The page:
Wednesday, March 10, 2010

Revenge of the Blackbirds: Eco-parables from Mother Goose

Sing a song of sixpence a pocket full of rye,
Four and twenty blackbirds baked in a pie.
When the pie was opened the birds began to sing,
Oh wasn't that a dainty dish to set before the king?
The king was in his counting house counting out his money,
The queen was in the parlour eating bread and honey
The maid was in the garden hanging out the clothes,
When down came a blackbird and pecked off her nose!
It is the world's poor who suffer the first ecological consequences of over-consumption by the rich.

The opening line of this dark parable announces its theme: the relation of economics ("sixpence") and food production ("a pocketful of rye"). The second line then introduces the problem: excessive or extravagant consumption. Once we have correctly identified the industrial capitalist ("the king"), the western consumerist ("the queen") and the worker from the two-thirds world whom they keep in subjection ("the maid"), then the tragic moral of this biting social commentary becomes clear.

Innocent children's nonsense song or a devastating critique of contemporary economics? You decide.

Of course, we could go on and identify the potent warnings and analyses found in other eco-parables from Mother Goose:
Jack and Jill - rising tensions over dwindling supplies of fresh water.
Doctor Foster went to Gloucester - climate change and de-globalisation, or the re-localisation of economies due to shifts in precipitation and sea level rise.
Hey Diddle Diddle - the deleterious effect on food security of astronomical beef production and excessive numbers of domestic pets.
The Grand Old Duke of York - indecision at Copenhagen.
Although I've indicated that points are currently on pause, I'll offer up to twenty for the best suggested readings of the hidden ecological messages encoded in other traditional nursery rhymes.


Anthony Douglas said...

Love the idea Byron!

Humpty Dumpty is obviously a comment on the fragility of the climate; it had seemed safe and stable ('on a wall') to earlier generations, perhaps. But in the aftermath of climate change being recognised (the 'fall' being inconvenient as a reference to warming, perhaps, but can work as a fall in suitability-to-sustain-life), there is a pessimism about the prospect of putting things back as they were. Neither the horses (the populations in general) nor the men (the leaders of the nations) of the King (God) can fix the problem. It begs for the King himself to intervene...

Little Boy Blue could also be fruitful, but it's too late at night for me to attempt it too.

Little Jack Horner - the self-centredness of wealthy nations in their own 'corners'.

Mary Mary Quite Contrary opens with a sarcastic enquiry!

Is it too late to change your thesis topic? ;-)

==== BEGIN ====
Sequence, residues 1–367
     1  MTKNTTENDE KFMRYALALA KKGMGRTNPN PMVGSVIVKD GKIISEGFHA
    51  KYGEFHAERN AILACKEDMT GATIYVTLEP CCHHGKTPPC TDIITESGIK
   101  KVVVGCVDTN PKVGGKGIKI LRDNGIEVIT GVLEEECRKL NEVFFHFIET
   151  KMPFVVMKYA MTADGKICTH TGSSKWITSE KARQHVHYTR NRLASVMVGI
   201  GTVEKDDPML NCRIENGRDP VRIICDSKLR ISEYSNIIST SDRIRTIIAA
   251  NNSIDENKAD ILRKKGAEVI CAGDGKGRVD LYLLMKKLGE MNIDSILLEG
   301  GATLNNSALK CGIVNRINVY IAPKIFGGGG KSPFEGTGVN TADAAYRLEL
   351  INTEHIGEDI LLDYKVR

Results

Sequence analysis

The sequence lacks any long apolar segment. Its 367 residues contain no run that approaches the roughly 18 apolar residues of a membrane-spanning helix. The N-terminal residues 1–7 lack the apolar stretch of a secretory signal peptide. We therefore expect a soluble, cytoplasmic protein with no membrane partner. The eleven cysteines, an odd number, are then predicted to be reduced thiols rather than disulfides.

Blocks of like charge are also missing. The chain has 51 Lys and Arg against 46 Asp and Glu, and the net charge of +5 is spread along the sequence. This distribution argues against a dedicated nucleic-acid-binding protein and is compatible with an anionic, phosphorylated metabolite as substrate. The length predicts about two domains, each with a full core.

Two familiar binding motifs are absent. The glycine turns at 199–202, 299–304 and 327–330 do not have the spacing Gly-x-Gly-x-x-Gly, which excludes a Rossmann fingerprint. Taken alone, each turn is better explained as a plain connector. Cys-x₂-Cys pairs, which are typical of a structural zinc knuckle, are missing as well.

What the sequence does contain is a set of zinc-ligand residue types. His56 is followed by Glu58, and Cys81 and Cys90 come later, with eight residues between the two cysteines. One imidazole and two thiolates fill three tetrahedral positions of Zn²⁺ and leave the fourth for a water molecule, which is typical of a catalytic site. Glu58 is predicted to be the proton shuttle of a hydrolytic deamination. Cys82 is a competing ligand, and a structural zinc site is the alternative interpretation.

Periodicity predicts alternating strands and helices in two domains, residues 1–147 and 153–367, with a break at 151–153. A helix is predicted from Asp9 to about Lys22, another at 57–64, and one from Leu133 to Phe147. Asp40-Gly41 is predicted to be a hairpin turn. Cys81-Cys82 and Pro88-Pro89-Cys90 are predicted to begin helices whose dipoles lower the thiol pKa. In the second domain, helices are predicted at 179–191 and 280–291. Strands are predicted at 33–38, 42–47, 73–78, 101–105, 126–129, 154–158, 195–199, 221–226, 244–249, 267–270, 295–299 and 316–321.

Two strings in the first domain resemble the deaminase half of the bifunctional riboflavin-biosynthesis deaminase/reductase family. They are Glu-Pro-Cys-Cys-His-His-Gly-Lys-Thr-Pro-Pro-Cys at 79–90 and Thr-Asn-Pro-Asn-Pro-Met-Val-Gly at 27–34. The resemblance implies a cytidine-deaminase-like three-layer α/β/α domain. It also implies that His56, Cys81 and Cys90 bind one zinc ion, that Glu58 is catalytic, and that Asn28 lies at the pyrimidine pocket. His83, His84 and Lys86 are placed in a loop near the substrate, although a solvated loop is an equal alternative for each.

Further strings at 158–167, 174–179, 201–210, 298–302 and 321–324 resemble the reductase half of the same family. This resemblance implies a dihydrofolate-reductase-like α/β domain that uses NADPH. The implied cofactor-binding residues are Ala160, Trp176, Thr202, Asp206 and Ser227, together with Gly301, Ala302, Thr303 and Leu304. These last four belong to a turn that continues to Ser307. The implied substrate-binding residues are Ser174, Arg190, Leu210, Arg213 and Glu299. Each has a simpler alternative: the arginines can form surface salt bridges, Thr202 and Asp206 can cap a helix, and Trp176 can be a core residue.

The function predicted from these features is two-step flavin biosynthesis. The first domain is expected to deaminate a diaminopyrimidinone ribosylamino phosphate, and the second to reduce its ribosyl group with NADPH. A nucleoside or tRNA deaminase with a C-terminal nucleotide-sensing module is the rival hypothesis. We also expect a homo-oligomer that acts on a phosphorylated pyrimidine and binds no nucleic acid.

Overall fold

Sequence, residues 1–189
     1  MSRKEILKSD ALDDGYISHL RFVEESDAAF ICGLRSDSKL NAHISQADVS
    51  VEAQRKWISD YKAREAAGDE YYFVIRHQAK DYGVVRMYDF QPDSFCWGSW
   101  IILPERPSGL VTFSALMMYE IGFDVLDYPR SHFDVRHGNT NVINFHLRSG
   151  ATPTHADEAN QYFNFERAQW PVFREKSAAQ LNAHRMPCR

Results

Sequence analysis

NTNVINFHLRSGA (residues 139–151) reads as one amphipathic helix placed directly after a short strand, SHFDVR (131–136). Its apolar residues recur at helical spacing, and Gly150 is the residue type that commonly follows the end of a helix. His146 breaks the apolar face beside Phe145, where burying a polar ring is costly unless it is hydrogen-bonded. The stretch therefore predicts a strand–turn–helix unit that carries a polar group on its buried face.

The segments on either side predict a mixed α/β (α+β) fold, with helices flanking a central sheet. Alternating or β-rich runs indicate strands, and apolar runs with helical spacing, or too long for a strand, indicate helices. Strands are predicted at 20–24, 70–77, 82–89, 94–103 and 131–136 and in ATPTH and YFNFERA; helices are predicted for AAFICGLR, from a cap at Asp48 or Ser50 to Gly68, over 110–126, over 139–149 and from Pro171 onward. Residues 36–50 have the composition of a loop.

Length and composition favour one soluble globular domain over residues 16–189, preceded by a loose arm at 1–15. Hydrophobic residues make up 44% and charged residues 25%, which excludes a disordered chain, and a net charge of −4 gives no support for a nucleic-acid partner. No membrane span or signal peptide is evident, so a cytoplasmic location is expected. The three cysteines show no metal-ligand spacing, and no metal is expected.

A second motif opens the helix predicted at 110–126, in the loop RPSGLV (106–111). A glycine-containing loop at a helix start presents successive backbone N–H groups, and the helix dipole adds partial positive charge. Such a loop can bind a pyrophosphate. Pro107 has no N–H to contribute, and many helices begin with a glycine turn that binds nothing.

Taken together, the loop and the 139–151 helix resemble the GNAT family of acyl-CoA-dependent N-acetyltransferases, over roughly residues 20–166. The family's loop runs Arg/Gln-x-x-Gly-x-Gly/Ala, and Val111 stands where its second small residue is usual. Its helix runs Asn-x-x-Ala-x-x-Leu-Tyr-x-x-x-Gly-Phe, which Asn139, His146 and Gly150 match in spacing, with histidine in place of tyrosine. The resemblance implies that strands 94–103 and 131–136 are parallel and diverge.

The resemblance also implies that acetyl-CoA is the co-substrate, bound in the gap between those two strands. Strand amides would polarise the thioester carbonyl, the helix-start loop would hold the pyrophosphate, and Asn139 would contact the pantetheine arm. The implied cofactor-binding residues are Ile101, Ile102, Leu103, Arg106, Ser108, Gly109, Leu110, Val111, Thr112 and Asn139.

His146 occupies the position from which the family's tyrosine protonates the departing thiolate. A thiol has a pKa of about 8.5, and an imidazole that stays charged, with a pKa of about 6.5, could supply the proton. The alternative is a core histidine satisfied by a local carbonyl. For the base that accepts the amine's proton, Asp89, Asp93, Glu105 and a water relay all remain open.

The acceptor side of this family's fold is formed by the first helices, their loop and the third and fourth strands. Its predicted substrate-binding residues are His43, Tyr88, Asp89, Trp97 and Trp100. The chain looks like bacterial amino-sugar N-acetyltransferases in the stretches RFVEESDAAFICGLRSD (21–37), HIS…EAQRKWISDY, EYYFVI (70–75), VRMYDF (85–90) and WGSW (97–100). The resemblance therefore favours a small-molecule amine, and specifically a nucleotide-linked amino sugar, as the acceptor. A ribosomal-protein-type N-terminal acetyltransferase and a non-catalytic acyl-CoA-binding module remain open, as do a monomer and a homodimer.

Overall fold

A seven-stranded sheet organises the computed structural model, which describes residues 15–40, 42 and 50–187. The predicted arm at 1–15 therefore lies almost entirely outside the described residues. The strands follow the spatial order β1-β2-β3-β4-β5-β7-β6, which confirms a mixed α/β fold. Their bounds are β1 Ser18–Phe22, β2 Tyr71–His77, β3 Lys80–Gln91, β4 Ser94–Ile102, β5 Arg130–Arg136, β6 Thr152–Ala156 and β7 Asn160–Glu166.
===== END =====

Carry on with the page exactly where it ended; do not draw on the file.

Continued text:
Michael Canaris said...

Along those lines, perhaps See Saw Margery Daw warns us of an apparent nexus between ecological disaster and changes in IR legislation.

byron smith said...

Well, I thought this one might get more takers, but apparently not. I'll award some points sometime soon to give a little longer for people to come up with more.

Unknown said...

I declined to comment as I didn't want to show my hand as an AGW skeptic who is, in his own words, 'a different shade of Green'.

Drat.. Just did.

I am usually tarred with the same brush as those who don't care about how we treat the environment but in fact I think that the shift in focus to 'carbon footprint' is taking away from much more important ecological matters. The prevailing attitude seems to be "Carbon is the most important issue so let's waste our money on low energy lightbulbs which we'll throw in the bin and end up poisoning our water supply with Mercury, switch to biodiesel and poison all the wildlife and humans in our area and pour our money into 'offsetting' something which termite mounds produce more of per year than we do".

Drat. Got too serious and political there. Bit of a flaw for me.

Old Mother Hubbard went to the cupboard to fetch her poor doggy a bone. When she got there she remembered that she'd spent all her money on carbon offsetting, the cupboard was bare, and so the poor doggy got none.


byron smith said...

MalaChi - I certainly agree that climate chaos is not the only ecological matter worthy of our attention. And I am also saddened by the attitude that thinks that throwing a few extra low-energy lightbulbs at the issue will solve it, or which is content to address one problem with a solution that only causes further (and perhaps larger) problems, or which avoids personal responsibility through a dubious offsetting mechanism. However, none of these is necessarily associated with taking anthropogenic global warming seriously.

Do you have a reference for your claim about termites?